Thai coconut milk, Aroy-D Preservative Free 14 oz canAdd to cart$2.89-14oz can
Expect excellent coconut flavor and consistency from Aroy-D canned coconut milk. Aroy-D is famous throughout Thailand, and the parent company is Thai Agri Foods which is one of the few truly "premium" food processors in Thailand using the finest state-of-the-art machinery.
This canned coconut milk is all natural and has no preservatives. Ingredients: coconut extract 60%, water
We also offer:
Savoy (Aroy-d) Coconut Cream, cans
Chaokoh Coconut Milk, cans
We always have the freshest stock on hand. Coconut milk is prevalent in Thai cooking, from main dish to appetizer to dessert. Below are just some of the many recipes that require coconut milk, find much more in our Thai recipe section.
Ingredients: coconut milk 55%, water, potassium metabisulfite (as perservative). Unsweetened.
Product of Thailand.
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Thai Rama Chicken, 'Praram Long Song'
This dish dates to the time of King Rama 5, about 140 years ago. Originally it was made with beef, but nowadays pork and chicken are often used. Praram is a name for the God Rama, or King Rama, in The Ramkian. The Ramakian is the Thai version of an Indian Hundu epic written 2000 years ago. Long Song translates as 'take a shower'.
Praram Long Song is a popular dish in American Thai restaurants, but not often found in Thailand. Americans are fond of the peanut sauce, and in our recipe it's quite delicious. Sometimes called Swimming Rama, you can use broccoli, spinach, or other greens of your choice.
Thai Coconut Shrimp
Our coconut shrimp recipe made with all natural coconut milk, sweetened and simmered then poured over large shrimp that we prepare two different styles - 1/fried in butter, and 2/deep fried in oil in tempura batter. We love both styles and highly recommend this recipe.
Thai Crispy Fried Bananas Over Ice Cream
These fried bananas were a smash it at a recent weekend get-together; everyone wanted to know the recipe.
Thai Panang Beef
Panang beef is one of those recipes that everyone loves, whether it's kids or grandparents, college students or anyone else from any country in the world. Rich herbal flavors inspired by Indian influence in Thailand, and adapted to give it a unique Thai flavor.
Unlike some Thai recipes that take a great deal of time to prepare, a delicious panang can be made in minutes using a handful of key ingredients. Here we've prepared a simple recipe that's sure to be a popular favorite. It's best prepared with the highest quality coconut milk with higher fat, such as our 100% pure Chaokoh coconut cream.
We also have a recipe for panang chicken but beef is probably the best way to enjoy panang. In photos below, notice we demonstrate making panang beef on two different occasions, the second time we usedchee fah chile peppers in addition to red bell.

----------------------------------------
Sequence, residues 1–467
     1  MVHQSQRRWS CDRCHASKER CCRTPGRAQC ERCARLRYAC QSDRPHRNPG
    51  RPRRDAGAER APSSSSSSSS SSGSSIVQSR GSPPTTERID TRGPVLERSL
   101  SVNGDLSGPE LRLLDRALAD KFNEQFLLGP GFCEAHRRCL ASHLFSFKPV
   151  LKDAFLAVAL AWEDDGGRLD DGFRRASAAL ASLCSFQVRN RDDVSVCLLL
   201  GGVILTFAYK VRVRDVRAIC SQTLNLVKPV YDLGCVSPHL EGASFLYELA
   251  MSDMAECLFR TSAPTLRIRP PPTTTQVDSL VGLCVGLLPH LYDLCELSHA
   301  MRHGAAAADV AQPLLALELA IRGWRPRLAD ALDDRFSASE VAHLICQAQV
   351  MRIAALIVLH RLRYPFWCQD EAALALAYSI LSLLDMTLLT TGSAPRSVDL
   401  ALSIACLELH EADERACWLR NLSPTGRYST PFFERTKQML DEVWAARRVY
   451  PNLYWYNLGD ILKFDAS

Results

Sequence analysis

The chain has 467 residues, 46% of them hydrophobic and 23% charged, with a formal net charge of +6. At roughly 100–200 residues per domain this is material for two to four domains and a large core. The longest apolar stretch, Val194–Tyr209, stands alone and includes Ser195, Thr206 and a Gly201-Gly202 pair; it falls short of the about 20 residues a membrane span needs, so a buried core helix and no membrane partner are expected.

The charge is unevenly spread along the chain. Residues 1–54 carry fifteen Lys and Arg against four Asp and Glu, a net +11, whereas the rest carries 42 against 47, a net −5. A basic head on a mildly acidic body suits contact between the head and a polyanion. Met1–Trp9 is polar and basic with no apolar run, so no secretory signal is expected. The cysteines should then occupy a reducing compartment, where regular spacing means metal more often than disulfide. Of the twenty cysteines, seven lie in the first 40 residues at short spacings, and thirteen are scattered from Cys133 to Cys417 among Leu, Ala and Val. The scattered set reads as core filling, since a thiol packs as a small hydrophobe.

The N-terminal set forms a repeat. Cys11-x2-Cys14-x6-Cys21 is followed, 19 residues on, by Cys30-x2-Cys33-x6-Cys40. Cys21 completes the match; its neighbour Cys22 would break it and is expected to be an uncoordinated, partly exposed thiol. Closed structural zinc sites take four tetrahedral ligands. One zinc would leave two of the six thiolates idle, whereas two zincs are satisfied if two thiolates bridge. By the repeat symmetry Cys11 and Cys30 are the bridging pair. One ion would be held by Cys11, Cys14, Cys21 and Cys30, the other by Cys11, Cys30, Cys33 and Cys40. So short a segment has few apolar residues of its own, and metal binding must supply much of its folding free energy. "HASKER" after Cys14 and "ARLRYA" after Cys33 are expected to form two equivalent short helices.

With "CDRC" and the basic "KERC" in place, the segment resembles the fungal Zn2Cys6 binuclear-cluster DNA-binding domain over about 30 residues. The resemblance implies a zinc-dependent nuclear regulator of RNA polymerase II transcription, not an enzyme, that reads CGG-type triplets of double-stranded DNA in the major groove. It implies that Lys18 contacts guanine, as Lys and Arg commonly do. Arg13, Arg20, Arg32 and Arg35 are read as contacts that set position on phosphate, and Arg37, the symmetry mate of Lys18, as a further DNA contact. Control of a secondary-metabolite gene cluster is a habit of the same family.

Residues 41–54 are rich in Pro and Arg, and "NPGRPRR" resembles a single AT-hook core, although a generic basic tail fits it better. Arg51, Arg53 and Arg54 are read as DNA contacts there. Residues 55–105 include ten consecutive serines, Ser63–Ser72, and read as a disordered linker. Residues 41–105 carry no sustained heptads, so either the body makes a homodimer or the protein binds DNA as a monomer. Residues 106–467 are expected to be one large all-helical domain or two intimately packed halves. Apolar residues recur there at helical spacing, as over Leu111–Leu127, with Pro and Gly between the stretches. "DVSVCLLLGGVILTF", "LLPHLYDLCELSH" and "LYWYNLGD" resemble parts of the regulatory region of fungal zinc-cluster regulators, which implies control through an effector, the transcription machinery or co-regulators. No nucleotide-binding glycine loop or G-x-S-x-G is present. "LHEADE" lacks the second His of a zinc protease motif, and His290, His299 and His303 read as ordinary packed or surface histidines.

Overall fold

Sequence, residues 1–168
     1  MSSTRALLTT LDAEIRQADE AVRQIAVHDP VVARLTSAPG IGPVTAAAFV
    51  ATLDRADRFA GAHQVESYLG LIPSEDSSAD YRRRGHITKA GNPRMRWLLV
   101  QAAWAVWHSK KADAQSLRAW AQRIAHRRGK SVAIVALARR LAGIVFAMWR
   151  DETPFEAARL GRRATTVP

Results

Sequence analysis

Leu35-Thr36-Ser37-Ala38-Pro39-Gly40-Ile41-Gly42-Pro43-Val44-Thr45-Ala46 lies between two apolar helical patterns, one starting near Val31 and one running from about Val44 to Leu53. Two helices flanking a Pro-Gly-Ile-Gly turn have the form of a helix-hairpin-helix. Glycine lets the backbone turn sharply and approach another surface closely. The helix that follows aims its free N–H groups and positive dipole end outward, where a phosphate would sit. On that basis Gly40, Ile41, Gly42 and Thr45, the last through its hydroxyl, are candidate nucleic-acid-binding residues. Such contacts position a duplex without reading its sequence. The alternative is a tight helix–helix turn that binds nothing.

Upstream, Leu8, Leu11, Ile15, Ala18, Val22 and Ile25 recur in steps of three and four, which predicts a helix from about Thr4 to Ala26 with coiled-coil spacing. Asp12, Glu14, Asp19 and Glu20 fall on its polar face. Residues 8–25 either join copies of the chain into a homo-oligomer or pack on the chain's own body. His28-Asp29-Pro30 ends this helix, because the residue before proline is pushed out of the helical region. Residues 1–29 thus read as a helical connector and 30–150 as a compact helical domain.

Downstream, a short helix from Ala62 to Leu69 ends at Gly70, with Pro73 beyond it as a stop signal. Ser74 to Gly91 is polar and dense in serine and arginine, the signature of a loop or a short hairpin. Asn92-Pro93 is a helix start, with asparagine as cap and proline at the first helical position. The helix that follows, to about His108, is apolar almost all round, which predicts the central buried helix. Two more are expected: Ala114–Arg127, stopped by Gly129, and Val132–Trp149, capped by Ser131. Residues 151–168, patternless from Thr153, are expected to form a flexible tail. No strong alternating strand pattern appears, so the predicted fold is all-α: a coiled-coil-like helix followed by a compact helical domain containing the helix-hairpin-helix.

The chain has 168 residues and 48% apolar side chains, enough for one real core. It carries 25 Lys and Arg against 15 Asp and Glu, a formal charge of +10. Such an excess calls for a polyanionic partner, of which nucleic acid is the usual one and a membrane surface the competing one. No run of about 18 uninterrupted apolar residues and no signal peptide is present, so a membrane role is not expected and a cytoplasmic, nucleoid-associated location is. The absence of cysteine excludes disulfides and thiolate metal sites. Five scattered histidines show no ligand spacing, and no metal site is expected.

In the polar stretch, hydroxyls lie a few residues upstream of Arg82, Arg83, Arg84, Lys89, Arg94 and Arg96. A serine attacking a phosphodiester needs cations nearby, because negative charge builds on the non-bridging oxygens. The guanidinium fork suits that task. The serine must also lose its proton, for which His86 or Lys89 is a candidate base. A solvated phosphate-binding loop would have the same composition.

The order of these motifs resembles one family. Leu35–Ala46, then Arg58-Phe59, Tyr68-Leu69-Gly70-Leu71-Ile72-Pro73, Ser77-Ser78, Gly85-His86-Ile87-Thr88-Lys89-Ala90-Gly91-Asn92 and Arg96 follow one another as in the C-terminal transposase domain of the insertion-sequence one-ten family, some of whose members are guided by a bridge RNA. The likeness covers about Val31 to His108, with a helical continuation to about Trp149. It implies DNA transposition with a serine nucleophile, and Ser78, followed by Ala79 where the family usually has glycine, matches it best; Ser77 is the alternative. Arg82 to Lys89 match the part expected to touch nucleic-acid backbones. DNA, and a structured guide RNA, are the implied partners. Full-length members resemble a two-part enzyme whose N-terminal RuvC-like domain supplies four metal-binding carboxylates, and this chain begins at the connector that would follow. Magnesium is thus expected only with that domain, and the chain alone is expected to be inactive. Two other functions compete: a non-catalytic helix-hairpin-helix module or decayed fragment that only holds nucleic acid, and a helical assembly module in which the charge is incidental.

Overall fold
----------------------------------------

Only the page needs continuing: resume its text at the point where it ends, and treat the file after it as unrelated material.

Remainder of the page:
Thai Coconut Pudding, 'Khanom Krok'
Kanom Krok is a special coconut pudding that's unique to Thailand, often prepared on the street-side by vendors who make it to order (see our street vendor video below). There are different minor variations, depending on the chef, and it's always prepared in a cast iron kanom krok pan, which we offer.
Usually the pan is placed directly over charcoal in a round clay oven same as our Tao Burner (see photos below), but the pan works fine on a gas range or electric stove-top. We recommend making sure the pan is thoroughly heated but over medium (not high) heat.
Thai Sticky Rice Steeped in Coconut Milk, 'Khao Neeo Moon'
Khao neeo moon is a truly authentic Thai recipe. Mixing sweet dessert rice with a sugary seafood topping might seem like a bizarre combination that Food Network might sensationalize on one of their celebrity shows. Yet this is a favorite of Thailand found throughout the country, made interesting by a variety of toppings. Here we demonstrate how to make the rice, and two of the more common toppings.
We prepared the rice in three colors. White, black (using black rice), and yellow (white rice colored with turmeric). In Thai tradition, the shrimp topping should go on the yellow rice.
Gaeng Tay Poe
This delicious recipe is unique because it uses the whole kaffir lime fruit, which is uncommon in Thai curry. It's one of our family favorites. Gaeng Tay Po has wonderful crossover appeal for people who might come from a European-American background. The citrusy flavor, combined with the gentle and sharp flavor of kaeng kua, and the emphasis on using healthy crispy greens, all create a very satisfying meal. This should be a best seller at most Thai restaurants, perhaps it just hasn't yet caught on. Try to use the real morning glory (see photo and comment below, called Pak Boong in Thai).
Tay Po refers to the fish that was used in the past for this recipe, pangasius lamaudii (black-ear catfish), but the fish has such a strong smell that nowadays people use belly pork.
Thai-Style Peanut Sauce, 'Nam Jim Satay'
Peanut sauce is actually of Malaysian or Indonesian origin. Very few dishes served in Thailand actually use peanut sauce but it has become a very popular part of American-Thai food. The peanut sauce below is our favorite variation. If you prefer, peanut butter can be used rather than fresh peanuts.
A quick and delicious substitute to the recipe below is our Lobo brand satay seasoning mix (peanut sauce mix). We also offer Por Kwan brand peanut sauce. Imported from Thailand and made of the finest quality ingredients.
Thai Yellow Curry Chicken, 'Gaeng Karee Gai'
The flavor of yellow curry paste is not much different than red or green, however we've recently discovered how much we like yellow curry. Yellow curry makes vegetables taste great in our opinion, and we've been eating more vegetables and less meat these days. Here is a basic Thai yellow curry with chicken and potato. It's also good with bell pepper, butternut squash, or any seasonal vegetable of your choice. Serve a generous portion and watch it disappear.